In Nor Dakoda

That’s North Dakota with an accent. …I think.

I could have entered this post in prohibition but beings this particular prohibition has to do with hemp I figured I’d put it here. See, there’s a couple of would-be hemp farmers in North Dakota that have filed a lawsuit against the DEA.  Sweet, huh? What I think really makes it cool is one of the farmers, David Monson, is a State Representative. Speaker of the House, actually.

This all started a while back, as is the way with these things. For over a decade Dakotans have been trying to get the hemp thing going. There’s a state licensing program. Though that program doesn’t require applicants to file with the DEA Monson and the other farmer, Wayne Hauge, attempted to do so. And they got stonewalled. In June of ’08 they filed a lawsuit in the appropriate U.S. District Court in an effort to end the obstructions. And then they got hosed.

That court stated that industrial hemp contains some THC at some time so therefor it falls within the DEA’s authority to prohibit its agriculture. So the farmers filed with the U.S. Court of appeals. And got hosed AGAIN!

The appeals court stated that;

District court did not err in concluding the cannabis plants plaintiffs proposed to cultivate fell within the Controlled Substances Act’s definition of marijuana and that their planned cultivation of industrial hemp under North Dakota state law was subject to federal regulation under the Controlled Substances Act; plaintiffs had standing to challenge the Act because they established they were targets of DEA action and showed actual injury sufficient to confer standing; their claims were ripe for review, and the district court did not err in finding that further efforts to exhaust the DEA’s administrative procedures would be futile; Congress has the authority under the Commerce Clause to regulate marijuana that is grown on a large-scale for the undeniably commercial purpose of generating products for sale in interstate commerce; Congress’s decision to regulate the manufacture of all marijuana plants – regardless of the grower’s ultimate purpose – was a rational means of achieving the congressional purpose of controlling the supply and demand for controlled substances and state law restrictions, such as prohibiting the plant from leaving the farmer’s property, did not place the cultivation beyond Congress’s reach.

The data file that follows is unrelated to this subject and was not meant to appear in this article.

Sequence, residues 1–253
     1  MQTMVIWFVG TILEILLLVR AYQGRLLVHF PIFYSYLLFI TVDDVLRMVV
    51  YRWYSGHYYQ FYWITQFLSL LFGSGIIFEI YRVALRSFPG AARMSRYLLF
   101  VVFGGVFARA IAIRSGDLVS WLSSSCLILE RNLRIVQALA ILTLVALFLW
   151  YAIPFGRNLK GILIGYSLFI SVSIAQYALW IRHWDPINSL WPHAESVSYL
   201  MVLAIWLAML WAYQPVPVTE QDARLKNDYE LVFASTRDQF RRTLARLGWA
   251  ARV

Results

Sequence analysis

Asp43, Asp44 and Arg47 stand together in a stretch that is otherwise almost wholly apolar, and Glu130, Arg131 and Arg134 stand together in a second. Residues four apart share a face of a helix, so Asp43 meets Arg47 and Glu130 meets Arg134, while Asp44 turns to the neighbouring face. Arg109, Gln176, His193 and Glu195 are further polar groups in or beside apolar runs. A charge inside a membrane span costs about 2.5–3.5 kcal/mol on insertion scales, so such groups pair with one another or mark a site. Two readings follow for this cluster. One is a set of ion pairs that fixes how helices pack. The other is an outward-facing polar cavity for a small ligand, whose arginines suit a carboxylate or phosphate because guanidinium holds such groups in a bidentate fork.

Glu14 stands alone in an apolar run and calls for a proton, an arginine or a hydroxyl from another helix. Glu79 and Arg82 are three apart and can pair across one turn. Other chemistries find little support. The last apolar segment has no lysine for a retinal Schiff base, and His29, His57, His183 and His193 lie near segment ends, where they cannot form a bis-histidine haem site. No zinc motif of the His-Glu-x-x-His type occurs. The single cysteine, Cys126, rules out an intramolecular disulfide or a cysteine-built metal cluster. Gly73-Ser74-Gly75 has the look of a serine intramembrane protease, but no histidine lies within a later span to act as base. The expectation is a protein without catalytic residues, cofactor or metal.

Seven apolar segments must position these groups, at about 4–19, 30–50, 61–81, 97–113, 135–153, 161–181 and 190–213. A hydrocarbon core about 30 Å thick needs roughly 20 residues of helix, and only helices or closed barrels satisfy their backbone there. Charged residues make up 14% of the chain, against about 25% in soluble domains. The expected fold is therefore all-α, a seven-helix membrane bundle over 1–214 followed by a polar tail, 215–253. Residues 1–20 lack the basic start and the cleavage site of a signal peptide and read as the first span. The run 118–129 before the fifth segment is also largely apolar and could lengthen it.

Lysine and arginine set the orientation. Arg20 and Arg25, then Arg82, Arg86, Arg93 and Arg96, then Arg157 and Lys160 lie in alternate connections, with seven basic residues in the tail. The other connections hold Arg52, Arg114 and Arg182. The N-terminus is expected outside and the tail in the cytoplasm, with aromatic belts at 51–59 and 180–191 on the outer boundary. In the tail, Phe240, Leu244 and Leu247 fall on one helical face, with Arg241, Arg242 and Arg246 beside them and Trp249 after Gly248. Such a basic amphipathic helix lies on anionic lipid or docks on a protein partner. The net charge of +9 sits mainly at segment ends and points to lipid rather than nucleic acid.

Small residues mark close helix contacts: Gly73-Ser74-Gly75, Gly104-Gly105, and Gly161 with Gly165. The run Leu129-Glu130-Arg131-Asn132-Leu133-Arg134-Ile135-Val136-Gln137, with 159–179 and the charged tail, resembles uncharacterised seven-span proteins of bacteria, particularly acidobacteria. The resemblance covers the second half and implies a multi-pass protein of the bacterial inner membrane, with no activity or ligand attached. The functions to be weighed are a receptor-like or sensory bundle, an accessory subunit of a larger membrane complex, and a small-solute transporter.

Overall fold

When the hell are these people going to realize that marijuana and hemp are not the same plant?  I’m confounded that educated individuals won’t make that distinction. What could possibly be their agenda? Assuredly there must be an agenda. These types of decisions can’t possibly be the result of ignorance.

May 18 of this year Monson and Hauge filled another legal action against the DEA. This, ladies and gentlemen, is real grass-roots activism (sorry, I couldn’t help myself). Regardless of the special interests of the large corporations hemp is going to be grown and harvested again in this country. In my opinion, the U.S. citizenry will not tolerate such a blatant abuse of the legal system much longer. It’s a flat-out embarrassment.

I wish these two fellows the best. Go Get ‘Em Guys!!!

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